“Their final report gave us a large wish list of things that the public would like to see happening in Boerne over the next few years and we’ve been using that as our guidebook,” Barwick said.

“There’s always hidden treasures waiting to be found,” he added. “There’s not a day that goes by that I don’t learn of another nugget of history. I’m in the public a lot and I’m always getting stories so I try to document them as best I can. “

Barwick has been with the city of Boerne for seven years. Before that he worked with the Nature Conservancy for eight years and the City of San Antonio Parks and Recreation Department for nearly five years.

“It’s been a team effort over many years,” Barwick noted, “so this award is not just for me. It represents all the people in Boerne and in Kendall County.”

Lewis F. Fisher, Author

Lewis F. Fisher

Lewis F. Fisher

You’d be hardpressed to find a bookstore without a Fisher book in its Texas section. The author is known for his many carefully researched books on Texas history, including several dealing with preservation. Nearly 18 years ago he wrote the history of the San Antonio Conservation Society in the book, “Saving San Antonio: The Precarious Preservation of a Heritage.”

Fisher established Maverick Publishing Company in 1996, and since then, has published more than 30 titles. Many of these books are used as texts for university classes on historic preservation. Fisher has also published books of postcard images of the plazas, Fort Sam Houston and the Spanish missions.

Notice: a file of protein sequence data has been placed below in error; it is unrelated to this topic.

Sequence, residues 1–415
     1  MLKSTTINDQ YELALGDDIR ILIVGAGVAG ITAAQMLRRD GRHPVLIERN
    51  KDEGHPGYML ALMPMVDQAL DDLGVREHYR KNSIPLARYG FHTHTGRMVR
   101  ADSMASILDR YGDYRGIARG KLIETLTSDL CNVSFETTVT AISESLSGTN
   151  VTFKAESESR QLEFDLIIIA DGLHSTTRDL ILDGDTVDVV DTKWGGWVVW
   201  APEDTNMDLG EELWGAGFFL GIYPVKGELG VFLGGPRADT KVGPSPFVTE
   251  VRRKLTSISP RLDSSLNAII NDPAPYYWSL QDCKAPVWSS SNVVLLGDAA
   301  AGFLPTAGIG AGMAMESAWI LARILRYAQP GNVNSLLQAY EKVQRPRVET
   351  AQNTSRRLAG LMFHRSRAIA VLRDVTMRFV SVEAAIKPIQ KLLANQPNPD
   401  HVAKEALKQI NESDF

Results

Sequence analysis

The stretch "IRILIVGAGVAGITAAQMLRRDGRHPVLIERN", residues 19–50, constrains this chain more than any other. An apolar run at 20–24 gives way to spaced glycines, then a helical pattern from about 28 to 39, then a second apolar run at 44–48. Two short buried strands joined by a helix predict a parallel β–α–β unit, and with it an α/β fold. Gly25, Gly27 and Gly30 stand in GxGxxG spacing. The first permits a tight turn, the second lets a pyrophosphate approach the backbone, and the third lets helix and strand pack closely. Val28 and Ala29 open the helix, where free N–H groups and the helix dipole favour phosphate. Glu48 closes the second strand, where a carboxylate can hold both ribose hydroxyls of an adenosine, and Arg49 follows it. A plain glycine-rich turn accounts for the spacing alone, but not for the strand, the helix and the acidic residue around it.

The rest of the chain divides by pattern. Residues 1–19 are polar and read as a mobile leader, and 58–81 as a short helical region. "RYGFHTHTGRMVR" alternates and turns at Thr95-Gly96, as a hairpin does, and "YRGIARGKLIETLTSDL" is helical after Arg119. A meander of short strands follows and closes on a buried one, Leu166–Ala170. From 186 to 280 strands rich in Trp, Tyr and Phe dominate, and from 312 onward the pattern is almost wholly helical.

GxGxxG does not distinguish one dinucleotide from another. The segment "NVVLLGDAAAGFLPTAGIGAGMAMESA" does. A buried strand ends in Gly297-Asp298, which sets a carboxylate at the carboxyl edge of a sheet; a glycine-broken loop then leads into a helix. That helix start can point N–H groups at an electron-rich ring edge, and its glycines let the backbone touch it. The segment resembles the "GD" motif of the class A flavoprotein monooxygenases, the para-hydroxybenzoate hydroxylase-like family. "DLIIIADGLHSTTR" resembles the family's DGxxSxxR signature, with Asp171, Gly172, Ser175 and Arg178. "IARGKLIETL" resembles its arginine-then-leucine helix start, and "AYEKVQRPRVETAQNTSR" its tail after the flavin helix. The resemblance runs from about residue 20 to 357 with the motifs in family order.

"Chili Queens, Hay Wagons and Fandangos: The Spanish Plazas in Frontier San Antonio," by Lewis F. Fisher. (2013) Maverick Publishing Company.

“Chili Queens, Hay Wagons and Fandangos: The Spanish Plazas in Frontier San Antonio,” by Lewis F. Fisher. (2013) Maverick Publishing Company.

His most recent San Antonio-based book is “Chili Queens, Hay Wagons and Fandangos: The Spanish Plazas in Frontier San Antonio.” Other local subjects he’s covered include the River Walk, the Monte Vista neighborhood, C.H. Guenther and HemisFair ’68.

Coincidentally, he also wrote a book about one of the building award winners: “St. Mark’s Episcopal Church: 150 Years of Ministry in Downtown San Antonio, 1858-2008.”

Suzanne Scott, General Manager of the San Antonio River Authority

Suzanne Scott

Suzanne Scott, San Antonio River Authority general manager

Scott is being recognized for her stewardship of the $245 million Mission Reach Ecosystem and Recreation Project.

Long before Scott took the helm of SARA, the Mission Reach was a dream of San Antonio citizens in the 1970s. They were alarmed by the environmental degradation caused by the initial channelization of the river by the U.S. Army Corps of Engineers. Their hope was to restore the river but at the same time, maintain flood protection.

“Fast forward to the late 1990s when the Corps of Engineers embarked on a new mission of ‘ecosystem restoration’ and local governmental entities had completed studies showing that flood protection could be preserved in a restored river channel,” Scott said.